Every year, you can find new or expanded lists about securing your applications on OWASP. One of the most popular lists is Top 10 Vulnerabilities. Yet each of these vulnerabilities have remediation actions, many which can be cured through automation.

Here are a few DevSecOps-style cures for application issues:

  • Code that installs applications automatically and requests/applies trusted certificates for web endpoints, app-to-app communication, and app-to-database communication.
  • Code that installs framework updates (Java and NodeJS) as part of an agent-based desired state configuration management.
  • Code that creates auditable exceptions in applications that show security attacks, then alerts when those exceptions are raised.
  • Code that ensures only strong cipher suites, protocols, and hashes are used in the application stack, and that all insecure methods are disabled at the OS whenever possible.

Security is not always part of the entire Software Development Life Cycle, but it should start at development, not production. Enforcing good security practices through code will ensure that configurations are not missed in testing, or that security practices aren’t forgotten once software is deployed.

Building security into your CI/CD pipeline

Speaking of enforcing security on the journey to production, there is plenty to implement in CI/CD pipelines. Of course it’s great to deliver software, but why not deliver it securely? There are several tools in your DevSecOps toolbelt that you can use to improve security in the release process. These include:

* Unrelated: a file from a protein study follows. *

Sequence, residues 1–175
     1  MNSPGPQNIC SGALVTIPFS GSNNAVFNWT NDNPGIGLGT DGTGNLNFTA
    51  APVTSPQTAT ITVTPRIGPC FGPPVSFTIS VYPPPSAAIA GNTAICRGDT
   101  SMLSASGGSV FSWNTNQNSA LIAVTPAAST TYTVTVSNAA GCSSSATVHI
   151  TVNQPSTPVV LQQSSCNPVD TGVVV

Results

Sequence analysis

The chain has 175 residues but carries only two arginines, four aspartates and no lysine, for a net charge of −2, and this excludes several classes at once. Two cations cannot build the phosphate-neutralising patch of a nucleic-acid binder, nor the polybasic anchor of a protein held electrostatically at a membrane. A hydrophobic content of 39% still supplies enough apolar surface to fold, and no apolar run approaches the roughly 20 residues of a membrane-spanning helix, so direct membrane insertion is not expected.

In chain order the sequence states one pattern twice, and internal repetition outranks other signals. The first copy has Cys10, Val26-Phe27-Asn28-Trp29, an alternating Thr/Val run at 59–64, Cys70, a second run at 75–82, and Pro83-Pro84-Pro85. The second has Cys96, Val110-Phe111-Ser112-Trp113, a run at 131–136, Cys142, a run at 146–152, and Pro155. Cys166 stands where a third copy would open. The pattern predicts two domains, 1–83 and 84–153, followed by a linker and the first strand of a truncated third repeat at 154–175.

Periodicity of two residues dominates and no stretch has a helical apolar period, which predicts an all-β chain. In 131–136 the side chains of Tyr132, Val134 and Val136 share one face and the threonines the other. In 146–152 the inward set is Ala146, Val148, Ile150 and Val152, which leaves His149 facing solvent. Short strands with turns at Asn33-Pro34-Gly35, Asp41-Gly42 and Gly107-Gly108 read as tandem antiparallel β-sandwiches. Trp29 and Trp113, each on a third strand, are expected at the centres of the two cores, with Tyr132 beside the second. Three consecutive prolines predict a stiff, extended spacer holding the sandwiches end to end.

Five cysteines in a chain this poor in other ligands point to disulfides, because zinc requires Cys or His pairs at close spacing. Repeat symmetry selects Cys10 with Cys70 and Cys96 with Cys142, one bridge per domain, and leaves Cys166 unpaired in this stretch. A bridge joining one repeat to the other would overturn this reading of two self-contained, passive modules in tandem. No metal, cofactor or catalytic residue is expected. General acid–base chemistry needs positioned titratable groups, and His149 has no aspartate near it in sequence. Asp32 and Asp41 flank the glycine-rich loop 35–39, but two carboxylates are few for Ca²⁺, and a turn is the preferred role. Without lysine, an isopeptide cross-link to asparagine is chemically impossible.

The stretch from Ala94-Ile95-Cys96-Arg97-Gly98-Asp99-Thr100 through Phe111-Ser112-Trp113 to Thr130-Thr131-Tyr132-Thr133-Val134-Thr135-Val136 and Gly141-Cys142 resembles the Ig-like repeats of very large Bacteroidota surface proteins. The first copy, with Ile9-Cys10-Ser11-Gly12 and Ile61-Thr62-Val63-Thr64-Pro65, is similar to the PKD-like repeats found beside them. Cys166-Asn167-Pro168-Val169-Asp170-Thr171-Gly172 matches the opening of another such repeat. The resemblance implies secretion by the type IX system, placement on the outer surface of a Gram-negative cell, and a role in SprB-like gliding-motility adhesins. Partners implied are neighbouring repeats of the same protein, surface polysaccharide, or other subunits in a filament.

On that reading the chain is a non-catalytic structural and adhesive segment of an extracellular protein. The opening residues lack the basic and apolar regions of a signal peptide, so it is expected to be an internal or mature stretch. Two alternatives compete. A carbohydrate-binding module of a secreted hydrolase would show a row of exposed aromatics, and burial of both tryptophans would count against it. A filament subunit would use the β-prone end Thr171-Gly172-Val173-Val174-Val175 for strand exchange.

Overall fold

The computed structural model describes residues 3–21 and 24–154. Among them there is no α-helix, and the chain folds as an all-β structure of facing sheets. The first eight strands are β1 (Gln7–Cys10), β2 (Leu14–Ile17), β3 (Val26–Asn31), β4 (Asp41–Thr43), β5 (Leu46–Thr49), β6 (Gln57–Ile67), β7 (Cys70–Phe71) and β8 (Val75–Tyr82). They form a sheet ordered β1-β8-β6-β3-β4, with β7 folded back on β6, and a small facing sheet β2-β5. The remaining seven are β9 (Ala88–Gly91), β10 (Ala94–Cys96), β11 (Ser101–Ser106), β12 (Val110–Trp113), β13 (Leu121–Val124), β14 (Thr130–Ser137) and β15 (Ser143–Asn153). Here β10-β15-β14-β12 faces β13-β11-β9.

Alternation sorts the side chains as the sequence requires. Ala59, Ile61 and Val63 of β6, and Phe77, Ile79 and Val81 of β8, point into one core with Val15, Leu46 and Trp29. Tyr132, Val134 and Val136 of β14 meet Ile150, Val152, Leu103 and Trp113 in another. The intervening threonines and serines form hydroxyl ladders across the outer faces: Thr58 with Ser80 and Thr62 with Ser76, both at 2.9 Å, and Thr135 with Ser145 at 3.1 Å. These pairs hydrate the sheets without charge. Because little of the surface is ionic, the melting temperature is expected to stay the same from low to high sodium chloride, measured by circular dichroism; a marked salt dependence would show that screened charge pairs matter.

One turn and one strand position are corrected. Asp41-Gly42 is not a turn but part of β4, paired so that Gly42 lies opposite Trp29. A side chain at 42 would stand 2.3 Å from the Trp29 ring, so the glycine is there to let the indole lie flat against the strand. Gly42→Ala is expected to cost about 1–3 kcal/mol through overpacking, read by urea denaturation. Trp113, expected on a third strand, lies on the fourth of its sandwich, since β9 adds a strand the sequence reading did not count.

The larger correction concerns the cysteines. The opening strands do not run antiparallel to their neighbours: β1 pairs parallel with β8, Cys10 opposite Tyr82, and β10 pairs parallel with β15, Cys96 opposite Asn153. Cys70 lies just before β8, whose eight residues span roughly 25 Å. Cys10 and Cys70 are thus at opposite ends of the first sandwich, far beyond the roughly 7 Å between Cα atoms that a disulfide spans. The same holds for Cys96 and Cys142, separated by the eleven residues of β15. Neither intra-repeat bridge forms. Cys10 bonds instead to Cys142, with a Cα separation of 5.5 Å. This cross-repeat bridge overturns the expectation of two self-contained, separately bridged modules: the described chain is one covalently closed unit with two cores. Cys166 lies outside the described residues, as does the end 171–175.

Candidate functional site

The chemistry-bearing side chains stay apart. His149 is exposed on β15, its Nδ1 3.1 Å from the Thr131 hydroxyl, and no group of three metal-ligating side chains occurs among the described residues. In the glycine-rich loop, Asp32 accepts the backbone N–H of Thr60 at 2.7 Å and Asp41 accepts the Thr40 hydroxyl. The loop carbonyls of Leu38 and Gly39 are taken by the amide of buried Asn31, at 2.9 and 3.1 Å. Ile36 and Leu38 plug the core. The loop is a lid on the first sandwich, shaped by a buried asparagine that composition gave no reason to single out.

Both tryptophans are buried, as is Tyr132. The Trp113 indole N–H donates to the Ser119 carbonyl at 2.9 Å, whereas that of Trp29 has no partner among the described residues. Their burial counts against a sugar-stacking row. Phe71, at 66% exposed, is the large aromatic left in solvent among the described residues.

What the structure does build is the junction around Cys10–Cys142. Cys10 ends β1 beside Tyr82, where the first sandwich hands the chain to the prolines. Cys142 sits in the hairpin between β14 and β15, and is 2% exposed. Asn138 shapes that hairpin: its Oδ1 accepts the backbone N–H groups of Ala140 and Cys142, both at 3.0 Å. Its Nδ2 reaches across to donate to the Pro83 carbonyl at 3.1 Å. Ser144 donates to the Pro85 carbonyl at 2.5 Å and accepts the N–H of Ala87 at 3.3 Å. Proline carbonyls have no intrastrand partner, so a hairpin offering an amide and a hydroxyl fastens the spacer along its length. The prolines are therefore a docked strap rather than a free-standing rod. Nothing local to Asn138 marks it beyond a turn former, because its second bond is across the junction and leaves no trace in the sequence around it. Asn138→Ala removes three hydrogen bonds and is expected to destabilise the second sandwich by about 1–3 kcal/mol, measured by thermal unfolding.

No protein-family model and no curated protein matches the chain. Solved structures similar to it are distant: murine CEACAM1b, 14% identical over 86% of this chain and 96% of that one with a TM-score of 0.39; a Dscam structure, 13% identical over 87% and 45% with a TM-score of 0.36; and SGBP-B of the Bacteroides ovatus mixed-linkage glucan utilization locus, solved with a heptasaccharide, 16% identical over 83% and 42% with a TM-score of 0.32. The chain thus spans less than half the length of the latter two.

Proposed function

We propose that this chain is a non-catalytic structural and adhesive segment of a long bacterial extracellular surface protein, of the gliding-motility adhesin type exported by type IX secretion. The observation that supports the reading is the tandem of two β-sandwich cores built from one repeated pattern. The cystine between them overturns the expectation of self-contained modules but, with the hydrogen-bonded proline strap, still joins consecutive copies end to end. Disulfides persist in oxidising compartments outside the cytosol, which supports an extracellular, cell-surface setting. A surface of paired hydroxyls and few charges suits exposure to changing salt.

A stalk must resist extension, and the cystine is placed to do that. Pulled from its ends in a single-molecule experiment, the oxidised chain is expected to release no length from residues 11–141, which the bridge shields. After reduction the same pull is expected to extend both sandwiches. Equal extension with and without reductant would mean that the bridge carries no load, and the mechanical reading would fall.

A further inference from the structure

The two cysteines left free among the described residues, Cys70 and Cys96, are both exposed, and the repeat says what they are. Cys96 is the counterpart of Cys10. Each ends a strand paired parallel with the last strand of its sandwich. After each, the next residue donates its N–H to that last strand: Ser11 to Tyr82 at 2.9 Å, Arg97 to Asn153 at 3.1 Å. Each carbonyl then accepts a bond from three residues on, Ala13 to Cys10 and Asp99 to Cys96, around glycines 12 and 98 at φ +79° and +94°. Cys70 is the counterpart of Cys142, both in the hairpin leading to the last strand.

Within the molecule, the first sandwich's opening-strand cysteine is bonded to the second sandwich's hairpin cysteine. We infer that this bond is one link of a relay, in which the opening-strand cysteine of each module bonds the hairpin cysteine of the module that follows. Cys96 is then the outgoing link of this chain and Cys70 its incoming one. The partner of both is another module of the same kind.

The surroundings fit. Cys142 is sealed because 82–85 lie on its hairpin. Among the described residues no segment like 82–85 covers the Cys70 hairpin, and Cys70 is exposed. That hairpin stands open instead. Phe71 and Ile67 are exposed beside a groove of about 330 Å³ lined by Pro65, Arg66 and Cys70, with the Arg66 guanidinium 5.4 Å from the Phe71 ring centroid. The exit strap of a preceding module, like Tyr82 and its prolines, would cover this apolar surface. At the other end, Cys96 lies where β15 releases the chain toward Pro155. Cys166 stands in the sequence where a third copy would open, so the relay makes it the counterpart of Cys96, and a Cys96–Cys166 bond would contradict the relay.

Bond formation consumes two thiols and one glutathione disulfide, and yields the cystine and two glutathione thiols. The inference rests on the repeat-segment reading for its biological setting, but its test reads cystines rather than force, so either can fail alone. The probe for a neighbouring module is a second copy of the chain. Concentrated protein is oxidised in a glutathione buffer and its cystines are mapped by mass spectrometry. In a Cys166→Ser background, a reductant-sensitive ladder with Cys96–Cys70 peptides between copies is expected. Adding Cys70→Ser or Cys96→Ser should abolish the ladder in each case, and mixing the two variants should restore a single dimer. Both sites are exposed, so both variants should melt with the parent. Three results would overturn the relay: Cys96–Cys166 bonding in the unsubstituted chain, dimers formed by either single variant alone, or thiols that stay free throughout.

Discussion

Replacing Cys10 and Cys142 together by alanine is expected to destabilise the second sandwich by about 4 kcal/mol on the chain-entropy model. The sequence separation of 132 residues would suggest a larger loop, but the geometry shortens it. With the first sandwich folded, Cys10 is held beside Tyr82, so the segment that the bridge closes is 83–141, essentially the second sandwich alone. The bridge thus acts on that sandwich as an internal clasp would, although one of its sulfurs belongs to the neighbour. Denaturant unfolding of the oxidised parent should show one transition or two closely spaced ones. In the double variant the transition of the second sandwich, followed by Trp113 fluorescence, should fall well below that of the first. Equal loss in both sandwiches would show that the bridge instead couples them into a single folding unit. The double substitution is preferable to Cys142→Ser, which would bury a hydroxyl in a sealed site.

• Security testing: Application testing is critical and should be run at each environment of the pipeline, but what about security testing? A Nessus vulnerability scan can be performed on the deployment stack before it’s promoted into production. This will either give you peace-of-mind or the opportunity to write hardening code in order to fix open vulnerabilities. And API testing can verify that attacks trigger alerts based on exception handling/monitoring tools.
  • Container hardening: If your CI/CD builds containers, container hardening can be a step in the pipeline.
  • OS network hardening: This ensures that builds implement host-based firewalls, data loss prevention (DLP) agents, or OS firewalls such as firewalld or Microsoft Windows Server Firewall. You can implement SELinux code prior to application testing to ensure a hardened environment.